The Gaps

  • The healthcare system is divided into reproductive functions and “all the rest.” Pregnancy and birth have long-term effects on health, but, even after clear warning signals, follow up care after pregnancy is exceedingly poor, as low as 50% for gestational diabetes among insured women (and lower for women on Medicaid), and 26% for gestational hypertension.
  • Healthcare and insurance policies support birthing people when they are pregnant and for about 8 weeks postpartum—then new mothers fall into a chasm of disconnected health care at best, and no health care at worst. Medicaid coverage for mothers ends after 60 days, while children remain covered by public insurance (CHIP). Well childcare for the first three years of life is routine, but no such system exists for mothers. 
  • Inequities between Black and White women extend from maternal mortality to chronic illnesses that place women at risk during reproductive years and beyond. Black women across the income spectrum and from all walks of life die from preventable pregnancy-related complications at 3 to 4 times the rate of non-Hispanic White women, and experience severe maternal morbidity (life-threatening complications) at twice the rate. Among pregnant and postpartum women, Black women had a 50% greater risk than Whites of dying from heart disease.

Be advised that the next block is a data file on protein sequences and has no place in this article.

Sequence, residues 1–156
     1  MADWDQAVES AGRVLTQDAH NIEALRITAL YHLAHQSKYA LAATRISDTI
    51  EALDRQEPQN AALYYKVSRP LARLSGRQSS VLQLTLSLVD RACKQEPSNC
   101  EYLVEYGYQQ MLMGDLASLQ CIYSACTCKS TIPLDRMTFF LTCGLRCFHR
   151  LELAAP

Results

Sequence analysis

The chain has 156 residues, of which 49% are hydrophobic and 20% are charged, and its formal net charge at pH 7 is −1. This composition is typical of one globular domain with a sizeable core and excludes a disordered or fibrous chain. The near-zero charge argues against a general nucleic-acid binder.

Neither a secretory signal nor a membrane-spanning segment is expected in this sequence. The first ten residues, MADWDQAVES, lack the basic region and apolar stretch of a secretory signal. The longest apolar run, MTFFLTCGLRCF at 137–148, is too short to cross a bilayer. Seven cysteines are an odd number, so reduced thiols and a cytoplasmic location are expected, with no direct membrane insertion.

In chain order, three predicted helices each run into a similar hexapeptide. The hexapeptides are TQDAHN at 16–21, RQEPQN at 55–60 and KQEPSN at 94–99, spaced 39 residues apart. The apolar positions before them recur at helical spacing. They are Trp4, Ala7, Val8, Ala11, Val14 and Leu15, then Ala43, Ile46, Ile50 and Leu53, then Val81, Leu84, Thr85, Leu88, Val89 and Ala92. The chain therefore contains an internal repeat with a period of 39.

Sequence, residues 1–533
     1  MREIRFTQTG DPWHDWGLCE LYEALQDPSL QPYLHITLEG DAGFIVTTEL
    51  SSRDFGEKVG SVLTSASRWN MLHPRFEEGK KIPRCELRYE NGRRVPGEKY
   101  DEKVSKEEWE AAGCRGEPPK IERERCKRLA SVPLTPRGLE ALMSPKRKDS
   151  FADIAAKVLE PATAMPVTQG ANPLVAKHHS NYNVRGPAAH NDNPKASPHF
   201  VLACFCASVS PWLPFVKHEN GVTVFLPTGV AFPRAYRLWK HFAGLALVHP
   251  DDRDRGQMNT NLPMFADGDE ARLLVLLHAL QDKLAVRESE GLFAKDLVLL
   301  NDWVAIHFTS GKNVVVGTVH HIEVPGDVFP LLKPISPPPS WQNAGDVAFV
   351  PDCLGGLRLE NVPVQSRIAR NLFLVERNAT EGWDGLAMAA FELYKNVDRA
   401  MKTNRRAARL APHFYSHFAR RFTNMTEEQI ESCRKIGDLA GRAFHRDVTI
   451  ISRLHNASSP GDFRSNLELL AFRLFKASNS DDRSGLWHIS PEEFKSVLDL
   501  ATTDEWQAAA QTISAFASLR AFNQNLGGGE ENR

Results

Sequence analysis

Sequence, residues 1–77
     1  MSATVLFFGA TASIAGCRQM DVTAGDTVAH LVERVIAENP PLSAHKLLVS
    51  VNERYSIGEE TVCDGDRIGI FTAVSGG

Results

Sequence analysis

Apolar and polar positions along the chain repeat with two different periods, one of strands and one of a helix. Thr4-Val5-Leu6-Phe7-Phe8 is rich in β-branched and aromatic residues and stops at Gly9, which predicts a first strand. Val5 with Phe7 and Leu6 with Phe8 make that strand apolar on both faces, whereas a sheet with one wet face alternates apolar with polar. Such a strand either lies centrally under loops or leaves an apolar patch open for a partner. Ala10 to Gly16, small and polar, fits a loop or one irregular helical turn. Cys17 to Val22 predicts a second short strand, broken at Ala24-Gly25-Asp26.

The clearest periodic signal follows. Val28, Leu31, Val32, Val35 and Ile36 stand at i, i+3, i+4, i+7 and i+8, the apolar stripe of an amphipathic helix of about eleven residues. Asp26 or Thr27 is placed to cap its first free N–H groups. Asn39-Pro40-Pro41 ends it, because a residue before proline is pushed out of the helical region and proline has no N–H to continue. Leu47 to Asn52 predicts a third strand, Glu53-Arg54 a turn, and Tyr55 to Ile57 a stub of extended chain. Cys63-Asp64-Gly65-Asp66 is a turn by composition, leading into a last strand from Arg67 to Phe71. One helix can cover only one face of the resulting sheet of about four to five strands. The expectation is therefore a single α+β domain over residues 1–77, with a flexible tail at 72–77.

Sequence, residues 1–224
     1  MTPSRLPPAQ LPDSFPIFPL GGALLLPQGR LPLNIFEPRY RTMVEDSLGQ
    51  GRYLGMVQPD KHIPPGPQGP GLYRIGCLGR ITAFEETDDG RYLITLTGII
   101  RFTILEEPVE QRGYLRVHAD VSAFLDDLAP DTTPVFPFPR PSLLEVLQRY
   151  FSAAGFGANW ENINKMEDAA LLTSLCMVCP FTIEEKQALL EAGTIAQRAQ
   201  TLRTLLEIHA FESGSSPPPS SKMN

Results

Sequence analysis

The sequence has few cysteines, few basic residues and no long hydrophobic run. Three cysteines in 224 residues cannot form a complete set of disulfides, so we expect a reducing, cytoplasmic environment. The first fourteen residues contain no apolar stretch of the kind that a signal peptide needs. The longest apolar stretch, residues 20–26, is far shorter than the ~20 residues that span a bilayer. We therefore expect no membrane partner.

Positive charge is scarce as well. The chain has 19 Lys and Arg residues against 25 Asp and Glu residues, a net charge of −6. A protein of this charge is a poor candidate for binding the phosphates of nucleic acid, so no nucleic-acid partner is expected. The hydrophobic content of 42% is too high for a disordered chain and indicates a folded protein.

• Women’s needs and voices are often ignored or simply not central to their healthcare experience, and disrespect and racism (interpersonal and structural) are common in reproductive health care for Black women. In the 2019 Giving Voice to Mothers survey, 27.2% of women of color with low socioeconomic status reported verbal or physical abuse during maternity care, compared with 18.7% of White women.

The Agenda

  • Hold healthcare institutions and clinicians responsible for ending the epidemic of disrespect for women of color, linking progress to accreditation.
  • Provide infrastructure support to community-based organizations run by and for Black, Indigenous, and other women of color.
  • Extend holistic, team-based care to the postpartum year and beyond, with integration of doulas and community health workers on teams.
  • Expand Medicaid coverage across the full postpartum year and support the development of Medicaid pay-for-performance policies that require linkage to primary care. 
  • Preserve maternal narratives and data across providers and specialties.
  • Align research with women’s lived experiences and center their voices in the design, conduct, and dissemination of findings.

In their commentary, the authors note that the Momnibus Act offers an ideal platform on which to build key planks of the Bridge the Chasm Agenda, investing in mothers not only during but long after pregnancy.